More on Bennett’s Loss in Utah

Earlier today, James noted that incumbent US Senator Bob Bennett (R-UT) lost his bid at re-nomination to run for re-election this November.  This has drawn national attention because of the Tea Party influence in the state’s GOP and the fact that incumbents normally aren’t ousted at the nomination stage.

The Bennett situation does link into a broader theme this year, which is how much the Tea Party/oust the RINOs issue is going to affect the GOP.

However, I would caution against reading too much in the Bennett situation.

First, the institutional parameters in Utah are such that it was even more likely that activists within the Utah GOP would have influence.  Specifically, this was a convention-based process.  As WaPo reports:

Bennett lost in the second of three ballots under Utah’s complicated nominating system. He did so despite an introduction from former Massachusetts governor Mitt Romney, who is enormously popular in Utah. Attendees applauded more vigorously for a video of Sen. Jim DeMint (R-S.C.), supporting one of Bennett’s rivals, than they did for Romney, who won 89 percent of the vote in Utah’s 2008 presidential primary.


The two remaining candidates — lawyer Mike Lee and businessman Tim Bridgewater, both of whom courted tea party voters — faced off in a third ballot. Because neither won 60 percent of the vote, they will compete again in a June 22 primary election. Either way , Utah is all but sure to elect a candidate in the fall with significant tea party support.

Second, this will likely mean absolutely nothing in terms of the make-up of the US Senate.  Utah is extremely conservative and will send a Republican to the Senate.  So while it is interesting that the Tea Party is having influence in Utah, it isn’t as if this tells us much about the rest of the country.  And because it wasn’t even a popular vote, it doesn’t even tell us anything about Utah’s GOP voters.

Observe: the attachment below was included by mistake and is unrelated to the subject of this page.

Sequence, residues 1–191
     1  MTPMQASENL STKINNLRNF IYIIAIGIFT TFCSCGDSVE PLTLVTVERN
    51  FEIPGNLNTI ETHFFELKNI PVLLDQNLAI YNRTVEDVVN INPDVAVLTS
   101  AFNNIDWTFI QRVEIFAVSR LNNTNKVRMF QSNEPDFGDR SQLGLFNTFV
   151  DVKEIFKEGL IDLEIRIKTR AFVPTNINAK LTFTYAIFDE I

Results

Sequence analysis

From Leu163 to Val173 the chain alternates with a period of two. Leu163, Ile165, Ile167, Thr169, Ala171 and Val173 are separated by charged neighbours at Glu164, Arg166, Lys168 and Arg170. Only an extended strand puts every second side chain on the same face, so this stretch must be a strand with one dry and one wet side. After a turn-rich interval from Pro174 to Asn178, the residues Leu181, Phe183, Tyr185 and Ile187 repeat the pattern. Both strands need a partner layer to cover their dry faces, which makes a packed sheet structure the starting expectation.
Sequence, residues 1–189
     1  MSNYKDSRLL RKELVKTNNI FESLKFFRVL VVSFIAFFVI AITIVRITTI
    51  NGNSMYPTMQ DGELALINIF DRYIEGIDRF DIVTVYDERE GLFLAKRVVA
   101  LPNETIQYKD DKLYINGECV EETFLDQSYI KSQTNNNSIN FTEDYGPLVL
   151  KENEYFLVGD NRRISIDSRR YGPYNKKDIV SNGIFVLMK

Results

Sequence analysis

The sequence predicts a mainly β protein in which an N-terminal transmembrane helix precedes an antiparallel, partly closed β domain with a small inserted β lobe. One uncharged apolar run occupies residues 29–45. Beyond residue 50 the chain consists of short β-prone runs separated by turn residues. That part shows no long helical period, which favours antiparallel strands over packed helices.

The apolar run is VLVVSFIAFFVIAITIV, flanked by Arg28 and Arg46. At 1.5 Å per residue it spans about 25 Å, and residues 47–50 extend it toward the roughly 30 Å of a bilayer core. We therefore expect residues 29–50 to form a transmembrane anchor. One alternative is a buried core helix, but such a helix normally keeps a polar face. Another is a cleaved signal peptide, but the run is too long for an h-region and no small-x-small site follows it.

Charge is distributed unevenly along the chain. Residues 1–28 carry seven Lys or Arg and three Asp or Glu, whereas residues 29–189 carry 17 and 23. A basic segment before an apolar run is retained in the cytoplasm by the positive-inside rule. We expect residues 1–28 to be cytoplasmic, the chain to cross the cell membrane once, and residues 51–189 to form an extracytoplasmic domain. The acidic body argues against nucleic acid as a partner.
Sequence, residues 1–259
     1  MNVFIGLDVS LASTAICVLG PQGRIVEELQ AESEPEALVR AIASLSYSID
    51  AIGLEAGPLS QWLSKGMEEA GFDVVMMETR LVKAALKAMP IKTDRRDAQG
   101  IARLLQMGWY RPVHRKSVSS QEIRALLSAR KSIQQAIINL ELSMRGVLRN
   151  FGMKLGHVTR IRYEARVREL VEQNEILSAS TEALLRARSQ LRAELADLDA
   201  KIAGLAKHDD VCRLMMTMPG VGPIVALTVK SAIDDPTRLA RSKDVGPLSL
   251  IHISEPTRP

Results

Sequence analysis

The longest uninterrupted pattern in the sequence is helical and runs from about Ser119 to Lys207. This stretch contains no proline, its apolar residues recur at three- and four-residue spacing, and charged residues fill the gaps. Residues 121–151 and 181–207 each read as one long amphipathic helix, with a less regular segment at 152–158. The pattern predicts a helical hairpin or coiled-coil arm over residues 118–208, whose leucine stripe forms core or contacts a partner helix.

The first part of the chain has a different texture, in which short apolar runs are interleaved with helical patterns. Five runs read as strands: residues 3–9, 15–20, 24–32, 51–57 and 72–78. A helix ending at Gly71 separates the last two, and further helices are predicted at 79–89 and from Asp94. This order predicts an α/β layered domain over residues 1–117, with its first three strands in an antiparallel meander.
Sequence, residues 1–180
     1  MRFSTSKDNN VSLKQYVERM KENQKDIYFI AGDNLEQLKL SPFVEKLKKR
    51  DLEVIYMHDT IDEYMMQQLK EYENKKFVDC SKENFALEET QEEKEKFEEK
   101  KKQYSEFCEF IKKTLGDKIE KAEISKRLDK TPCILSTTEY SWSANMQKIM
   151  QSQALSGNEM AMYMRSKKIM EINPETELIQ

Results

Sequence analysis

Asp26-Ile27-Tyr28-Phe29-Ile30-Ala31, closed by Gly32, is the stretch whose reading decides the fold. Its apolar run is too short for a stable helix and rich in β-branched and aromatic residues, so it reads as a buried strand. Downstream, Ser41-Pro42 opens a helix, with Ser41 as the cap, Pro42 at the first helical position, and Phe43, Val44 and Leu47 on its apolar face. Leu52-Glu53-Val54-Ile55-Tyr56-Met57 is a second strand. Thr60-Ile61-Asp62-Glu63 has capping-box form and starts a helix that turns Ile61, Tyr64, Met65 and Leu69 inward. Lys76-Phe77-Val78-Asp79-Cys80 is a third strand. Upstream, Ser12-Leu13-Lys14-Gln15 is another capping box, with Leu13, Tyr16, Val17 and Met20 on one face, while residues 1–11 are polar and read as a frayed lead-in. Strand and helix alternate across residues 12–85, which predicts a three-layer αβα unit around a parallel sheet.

In related news, incumbents and old guard politicians did just fine in several primaries (via the AP): Unharnessed anger: Incumbents win in NC, OH, IN.

FILED UNDER: 2010 Election, US Politics, , , , , , , ,
Steven L. Taylor
About Steven L. Taylor
Steven L. Taylor is a Professor of Political Science and a College of Arts and Sciences Dean. His main areas of expertise include parties, elections, and the institutional design of democracies. His most recent book is the co-authored A Different Democracy: American Government in a 31-Country Perspective. He earned his Ph.D. from the University of Texas and his BA from the University of California, Irvine. He has been blogging since 2003 (originally at the now defunct Poliblog). Follow Steven on Twitter


  1. TangoMan says:

    In related news, incumbents and old guard politicians did just fine in several primaries (via the AP): Unharnessed anger: Incumbents win in NC, OH, IN.

    Unharnessed anger is an apt description. Utah TEA Party activists were able to harness their energies. I doubt that the discontent in Utah as greater than in other states, so the Utah case isn’t sui generis so I think it only a matter of time before the organizational lessons learned in Utah are applied in other states. This election cycle might be finished, but the future always awaits.